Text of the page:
I tried to sit in the folding chair in a relaxed way. I’m not nervous. When my JTE, M-sensei, had asked if I was, I had admitted to being a little nervous. He had casually answered, “Well, there will be 1,000 people in the gym.” I laughed. “No pressure,” I answered.
I heard the principal, who was doing the introduction, say “Himani-sensei” and knew my time had come. A moment later, we bowed to each other and I walked toward the microphone. In my head, a litany continued without pause: Remember to stand up straight. No wide steps, you’re wearing a skirt! Don’t trip in these slippers! Talk slowly! Remember, no bitchy resting face — smile! SMILE! But not too much, you don’t want to have crazy eyes!
I suppose I should back up a bit. I’m walking across the stage during Opening Ceremonies; today is the first day of school. One thing I’ve noticed in Japan: they’re big on tradition and ceremonies.
I can’t help but compare my experiences with a little amusement. In America, at CGUHS, our opening “ceremony” was during a teacher’s meeting. All the new teachers would stand, then quite quickly they’d go around and introduce themselves. One’s introduction was something like: “Hi, I’m so-and-so, I’m teaching [grade level] English. Before this I was at… Looking forward to working with you.” Students met you in class — and if they didn’t have your class, there was no reason to know you.
Here’s my speech for the ceremony:
Hello, my name is _____. I am the new ALT from Arizona, America. In Arizona, I taught English in high school for four years. While I have only been in Japan for one month, I have already enjoyed my time here. Japan is a beautiful and friendly country. I hope to continue to enjoy my time here, as well as learn the language. I look forward to working at [HS]. I hope to make learning English fun and interesting! So, let us all enjoy English together! Thank you.
At first, I had mistakenly crafted a three sentence speech, because I was told it “didn’t need to be long” and I used America standards for that. When I arrived at work and the JTEs looked at it, they incredulously said, “That’s very short.” Even with my additions, I felt my speech was probably short, but there was nothing else that needed to be said. I know, a very American view.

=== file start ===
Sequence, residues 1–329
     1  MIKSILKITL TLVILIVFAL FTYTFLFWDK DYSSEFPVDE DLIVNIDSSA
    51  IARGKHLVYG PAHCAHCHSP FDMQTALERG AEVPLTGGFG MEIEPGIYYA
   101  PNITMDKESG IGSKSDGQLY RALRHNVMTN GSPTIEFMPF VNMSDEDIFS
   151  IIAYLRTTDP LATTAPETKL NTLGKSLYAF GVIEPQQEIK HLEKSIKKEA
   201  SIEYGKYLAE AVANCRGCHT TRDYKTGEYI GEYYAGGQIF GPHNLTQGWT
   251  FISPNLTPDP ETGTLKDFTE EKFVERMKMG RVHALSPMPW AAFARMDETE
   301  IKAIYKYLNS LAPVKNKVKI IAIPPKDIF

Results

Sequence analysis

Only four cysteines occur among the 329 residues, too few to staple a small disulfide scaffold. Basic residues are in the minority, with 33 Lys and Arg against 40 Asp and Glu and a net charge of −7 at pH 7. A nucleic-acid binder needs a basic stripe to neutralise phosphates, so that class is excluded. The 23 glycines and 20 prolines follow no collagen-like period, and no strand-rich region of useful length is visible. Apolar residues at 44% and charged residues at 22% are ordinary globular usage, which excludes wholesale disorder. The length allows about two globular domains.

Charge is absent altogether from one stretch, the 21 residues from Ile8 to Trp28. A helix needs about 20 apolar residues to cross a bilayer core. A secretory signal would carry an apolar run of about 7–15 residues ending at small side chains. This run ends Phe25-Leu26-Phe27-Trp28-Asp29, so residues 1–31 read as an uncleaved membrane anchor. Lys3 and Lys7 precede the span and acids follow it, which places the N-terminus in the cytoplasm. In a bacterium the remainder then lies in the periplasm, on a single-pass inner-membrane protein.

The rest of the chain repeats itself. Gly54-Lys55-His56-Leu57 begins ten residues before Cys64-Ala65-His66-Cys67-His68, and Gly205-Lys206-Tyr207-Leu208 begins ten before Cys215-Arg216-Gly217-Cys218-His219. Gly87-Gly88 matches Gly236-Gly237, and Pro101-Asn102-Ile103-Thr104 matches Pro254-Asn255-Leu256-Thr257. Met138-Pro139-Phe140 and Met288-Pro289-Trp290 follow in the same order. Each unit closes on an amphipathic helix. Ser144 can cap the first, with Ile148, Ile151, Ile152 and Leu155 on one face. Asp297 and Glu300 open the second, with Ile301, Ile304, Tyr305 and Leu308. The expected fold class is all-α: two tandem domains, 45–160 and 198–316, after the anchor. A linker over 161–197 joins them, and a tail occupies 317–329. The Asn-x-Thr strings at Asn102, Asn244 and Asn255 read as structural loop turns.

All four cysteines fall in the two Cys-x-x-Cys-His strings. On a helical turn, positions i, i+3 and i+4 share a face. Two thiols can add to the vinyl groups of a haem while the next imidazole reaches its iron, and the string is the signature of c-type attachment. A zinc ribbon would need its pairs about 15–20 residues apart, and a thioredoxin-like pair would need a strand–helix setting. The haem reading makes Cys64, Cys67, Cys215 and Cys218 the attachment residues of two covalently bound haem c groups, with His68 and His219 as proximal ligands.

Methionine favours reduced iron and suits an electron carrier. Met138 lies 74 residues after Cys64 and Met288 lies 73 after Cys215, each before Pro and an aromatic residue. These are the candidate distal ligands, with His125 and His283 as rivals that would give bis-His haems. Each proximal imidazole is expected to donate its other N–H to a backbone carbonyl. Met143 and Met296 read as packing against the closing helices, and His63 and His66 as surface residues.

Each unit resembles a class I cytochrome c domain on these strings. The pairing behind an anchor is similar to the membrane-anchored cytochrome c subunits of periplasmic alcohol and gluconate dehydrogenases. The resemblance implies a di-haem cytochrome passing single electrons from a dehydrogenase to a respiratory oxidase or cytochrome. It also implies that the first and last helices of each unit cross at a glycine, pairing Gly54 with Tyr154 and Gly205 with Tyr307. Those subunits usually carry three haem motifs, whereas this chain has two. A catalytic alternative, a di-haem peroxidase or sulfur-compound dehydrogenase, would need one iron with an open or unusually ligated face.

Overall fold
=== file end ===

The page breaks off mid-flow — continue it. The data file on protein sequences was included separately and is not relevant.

In Japan, Opening Ceremonies are in front of the whole school. Ours was about half an hour, consisting of everyone singing the Japanese National Anthem, my speech, some announcements, and lots of bowing. I had brought a blazer to wear, and then realized I would be overdressed* so I took it off. Of course, I forgot my indoor shoes. My school is unique in the fact that the only place one needs to wear indoor shoes is in the gym, and this is the 2nd time I’ve needed to be in the gym. As a result, I had to wear public slippers kept for those who don’t bring their indoor shoes. Note to self, get some slippers at the store or something.
I watched the students. Again, I didn’t see any headphones or cellphones. But, there were tiny pockets of students here and there that talked to one another, ignoring the announcements; however they kept their volume to a minimum and not once was it difficult to hear the speakers. I also noticed a few students — mostly boys — sleeping. I’m guessing they were part of a sport club, like baseball, which practice every day. I’m amazed at some people’s ability to sleep in the most uncomfortable positions. Since coming to Japan, I’ve watched people sleep standing up on trains or crouched on platforms. Here, the sleepers still had their legs drawn up and clutched as they sat with their eyes closed and heads slightly bowed. I’d’ve probably fallen over, starfishing on the gym floor. Not that I had the option; the teachers stood for the Opening Ceremonies.
Anyway, back to the stage.
I lightly rested my hands on the podium, thankful it was there, and remembered to smile as I slowly said my speech. One thing that takes some getting used to when speaking to non-native speakers: talking slowly but not too slowly (you don’t want to sound boring and monotone).
“Hello,” I said, and to my surprise and delight, the high schoolers obligingly said, “Hello” back.
Slowly, carefully, keeping the smile plastered on my face, I said my speech. At the end, I bowed and they clapped. I walked off, wondering if I was walking too quickly. Was I supposed to bow some more? But I didn’t want to leave during an awkward silence once the clapping had ended. Just go, I told myself.
I have a tendency to go into automatic when nervous. I know what I need to do…and I just do it. Don’t overthink it. Afterwards, I come back to myself and hope I did it alright.
As I went back to my place, no one looked at me. Another cultural difference? I’m sure that in America, if I was a newbie, one of the mentor teachers would have caught my eye and flashed me a reassuring thumbs up or grin. Finally, unable to take the suspense, I leaned over to my JTE and whispered, “Did I do OK?”
“Hm? Oh yes,” he replied.
“Oh, good,” I said, and spent the rest of the ceremony in silence.
* Summer in Japan is the season of “cool biz,” which essentially is the same as business casual. Although, I’ve noticed women still wear panty hose with skirts, something I’ve decided to forego (I’ll play the [su_tooltip style=”red” position=”north” shadow=”yes” rounded=”yes” content=”means ‘foreigner’ (literally ‘outside person’)”]gaijin[/su_tooltip] card if I have to) because I don’t understand how anyone can stand them in 80% humidity.